If clicks do sound like exotic noises to you, it might surprise you to know that there’s nothing especially difficult about making click sounds in speech—they’re easily mastered by toddlers who still struggle making truly difficult sounds like s and z. And it might really surprise you to learn, as found in a recent study by Melissa Wright at Birmingham City University, that as an English speaker, you likely riddle your own speech with click sounds, using them much more frequently and systematically than just the occasional “tsk” of disapproval. If that’s so, why on earth do the African clicks sound so strange to English speakers, to the point of being un-language-like?It's a good post, and that might be an easy thing for toddlers to learn, but as a grown adult, it is devilishly tricky to master even the three basic click sounds in Zulu and Xhosa. Especially the "q" sound, which involves popping your tongue off the roof of your mouth. During a vacation in Eastern Cape once, it took me hours of practice to just be able to make the noise right, let alone stick it in a word with anything approaching accuracy.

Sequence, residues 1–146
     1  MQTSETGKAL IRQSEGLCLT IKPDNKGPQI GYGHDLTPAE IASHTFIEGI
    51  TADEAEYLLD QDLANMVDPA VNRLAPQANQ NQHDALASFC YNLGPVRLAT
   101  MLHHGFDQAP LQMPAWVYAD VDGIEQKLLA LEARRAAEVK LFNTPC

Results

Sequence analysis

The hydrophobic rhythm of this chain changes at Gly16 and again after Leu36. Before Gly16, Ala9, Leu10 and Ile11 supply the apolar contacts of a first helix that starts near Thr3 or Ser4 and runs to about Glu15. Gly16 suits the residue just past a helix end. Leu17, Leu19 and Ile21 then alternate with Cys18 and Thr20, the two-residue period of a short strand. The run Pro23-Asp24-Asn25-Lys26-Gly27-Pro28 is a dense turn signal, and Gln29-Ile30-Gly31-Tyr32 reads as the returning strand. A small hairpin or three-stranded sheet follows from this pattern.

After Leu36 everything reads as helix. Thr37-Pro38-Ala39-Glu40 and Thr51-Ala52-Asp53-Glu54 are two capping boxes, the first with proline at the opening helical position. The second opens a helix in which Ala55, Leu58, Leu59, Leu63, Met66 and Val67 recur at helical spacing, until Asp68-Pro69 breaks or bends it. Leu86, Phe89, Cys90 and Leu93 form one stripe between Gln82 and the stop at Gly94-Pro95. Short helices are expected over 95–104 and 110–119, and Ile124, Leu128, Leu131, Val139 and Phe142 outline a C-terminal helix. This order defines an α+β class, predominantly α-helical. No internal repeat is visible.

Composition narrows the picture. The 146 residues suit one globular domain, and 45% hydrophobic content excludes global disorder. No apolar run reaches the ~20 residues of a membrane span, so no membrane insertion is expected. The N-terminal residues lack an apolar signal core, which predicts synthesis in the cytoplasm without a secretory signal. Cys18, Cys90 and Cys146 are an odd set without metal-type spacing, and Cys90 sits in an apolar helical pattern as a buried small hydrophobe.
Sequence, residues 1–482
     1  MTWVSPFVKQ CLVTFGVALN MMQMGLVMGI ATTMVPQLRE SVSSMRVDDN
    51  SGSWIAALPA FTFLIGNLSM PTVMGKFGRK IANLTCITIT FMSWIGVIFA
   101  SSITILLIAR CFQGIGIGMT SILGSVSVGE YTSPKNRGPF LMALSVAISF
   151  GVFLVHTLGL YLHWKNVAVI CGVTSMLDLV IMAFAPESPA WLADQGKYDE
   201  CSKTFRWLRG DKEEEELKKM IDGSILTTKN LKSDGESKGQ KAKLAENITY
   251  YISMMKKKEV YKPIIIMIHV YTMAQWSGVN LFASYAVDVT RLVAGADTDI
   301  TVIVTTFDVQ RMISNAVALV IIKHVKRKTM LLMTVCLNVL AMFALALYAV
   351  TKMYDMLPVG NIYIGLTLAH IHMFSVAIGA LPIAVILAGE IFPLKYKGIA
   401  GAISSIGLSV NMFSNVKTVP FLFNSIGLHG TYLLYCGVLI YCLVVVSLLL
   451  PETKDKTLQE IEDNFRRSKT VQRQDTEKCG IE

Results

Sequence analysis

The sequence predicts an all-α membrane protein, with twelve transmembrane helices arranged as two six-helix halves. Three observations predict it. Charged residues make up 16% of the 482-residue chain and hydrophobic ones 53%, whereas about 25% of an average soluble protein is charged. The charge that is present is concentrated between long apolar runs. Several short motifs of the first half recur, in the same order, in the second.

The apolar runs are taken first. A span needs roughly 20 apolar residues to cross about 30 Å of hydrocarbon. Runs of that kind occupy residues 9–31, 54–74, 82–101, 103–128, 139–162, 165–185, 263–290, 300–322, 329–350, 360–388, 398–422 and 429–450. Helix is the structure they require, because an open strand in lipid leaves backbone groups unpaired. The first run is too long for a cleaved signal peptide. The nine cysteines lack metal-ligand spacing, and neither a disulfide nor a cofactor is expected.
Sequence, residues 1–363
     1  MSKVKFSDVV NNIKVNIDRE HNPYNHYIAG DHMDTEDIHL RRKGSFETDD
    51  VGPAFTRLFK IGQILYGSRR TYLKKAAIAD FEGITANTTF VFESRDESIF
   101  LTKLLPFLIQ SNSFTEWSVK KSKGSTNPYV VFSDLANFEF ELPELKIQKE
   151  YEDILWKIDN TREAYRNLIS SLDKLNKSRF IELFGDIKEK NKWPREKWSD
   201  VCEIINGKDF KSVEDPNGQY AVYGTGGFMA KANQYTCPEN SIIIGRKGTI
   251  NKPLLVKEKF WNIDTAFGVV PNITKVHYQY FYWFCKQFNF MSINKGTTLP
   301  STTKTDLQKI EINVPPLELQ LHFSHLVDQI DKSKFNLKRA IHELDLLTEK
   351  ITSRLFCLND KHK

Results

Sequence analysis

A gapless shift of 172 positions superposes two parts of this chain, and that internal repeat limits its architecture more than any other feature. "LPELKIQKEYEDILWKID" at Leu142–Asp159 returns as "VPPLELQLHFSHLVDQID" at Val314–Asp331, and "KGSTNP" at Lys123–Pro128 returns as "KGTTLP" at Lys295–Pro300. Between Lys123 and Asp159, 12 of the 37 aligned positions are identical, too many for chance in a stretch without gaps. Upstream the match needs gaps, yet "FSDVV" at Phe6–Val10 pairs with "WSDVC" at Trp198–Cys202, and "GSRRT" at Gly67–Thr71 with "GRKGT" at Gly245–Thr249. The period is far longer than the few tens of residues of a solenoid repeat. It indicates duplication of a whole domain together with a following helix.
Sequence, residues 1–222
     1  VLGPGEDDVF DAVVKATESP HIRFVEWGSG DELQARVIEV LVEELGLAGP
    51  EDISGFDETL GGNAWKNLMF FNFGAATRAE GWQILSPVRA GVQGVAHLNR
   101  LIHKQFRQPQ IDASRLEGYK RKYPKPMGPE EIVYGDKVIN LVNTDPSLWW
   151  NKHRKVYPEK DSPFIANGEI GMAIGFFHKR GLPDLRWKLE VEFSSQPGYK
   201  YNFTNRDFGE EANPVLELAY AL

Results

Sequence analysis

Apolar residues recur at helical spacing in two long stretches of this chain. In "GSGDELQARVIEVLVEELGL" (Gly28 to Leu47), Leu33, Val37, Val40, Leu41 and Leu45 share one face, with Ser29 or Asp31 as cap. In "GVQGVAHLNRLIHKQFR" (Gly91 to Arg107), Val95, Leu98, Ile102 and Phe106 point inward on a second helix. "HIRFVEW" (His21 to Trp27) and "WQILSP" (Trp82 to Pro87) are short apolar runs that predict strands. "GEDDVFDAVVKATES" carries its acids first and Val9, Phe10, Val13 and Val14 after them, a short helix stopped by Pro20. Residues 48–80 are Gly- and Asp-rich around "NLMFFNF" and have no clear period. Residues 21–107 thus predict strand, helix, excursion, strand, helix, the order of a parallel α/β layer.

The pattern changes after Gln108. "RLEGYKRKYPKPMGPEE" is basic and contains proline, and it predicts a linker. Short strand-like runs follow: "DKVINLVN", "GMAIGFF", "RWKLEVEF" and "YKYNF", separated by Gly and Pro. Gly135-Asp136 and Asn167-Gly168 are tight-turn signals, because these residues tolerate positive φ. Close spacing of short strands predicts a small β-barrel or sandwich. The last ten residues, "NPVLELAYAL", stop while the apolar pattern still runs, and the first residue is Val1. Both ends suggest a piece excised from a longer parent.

Feb 23, 2012
Xhosa is hard to say
Over at The The Crux, Julie Sedivy has an interesting breakdown of how clicks are used in both African languages and English: